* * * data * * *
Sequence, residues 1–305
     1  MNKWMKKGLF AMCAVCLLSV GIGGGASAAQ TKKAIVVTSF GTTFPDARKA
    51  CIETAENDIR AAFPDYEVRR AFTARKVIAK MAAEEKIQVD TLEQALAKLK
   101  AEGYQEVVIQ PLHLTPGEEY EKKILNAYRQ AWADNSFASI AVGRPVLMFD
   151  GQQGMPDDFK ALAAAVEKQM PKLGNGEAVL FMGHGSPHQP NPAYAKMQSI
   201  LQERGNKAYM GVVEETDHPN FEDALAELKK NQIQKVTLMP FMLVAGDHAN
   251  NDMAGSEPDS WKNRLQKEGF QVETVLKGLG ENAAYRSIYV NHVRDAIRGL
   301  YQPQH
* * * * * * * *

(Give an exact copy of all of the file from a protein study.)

Sequence, residues 1–305
     1  MNKWMKKGLF AMCAVCLLSV GIGGGASAAQ TKKAIVVTSF GTTFPDARKA
    51  CIETAENDIR AAFPDYEVRR AFTARKVIAK MAAEEKIQVD TLEQALAKLK
   101  AEGYQEVVIQ PLHLTPGEEY EKKILNAYRQ AWADNSFASI AVGRPVLMFD
   151  GQQGMPDDFK ALAAAVEKQM PKLGNGEAVL FMGHGSPHQP NPAYAKMQSI
   201  LQERGNKAYM GVVEETDHPN FEDALAELKK NQIQKVTLMP FMLVAGDHAN
   251  NDMAGSEPDS WKNRLQKEGF QVETVLKGLG ENAAYRSIYV NHVRDAIRGL
   301  YQPQH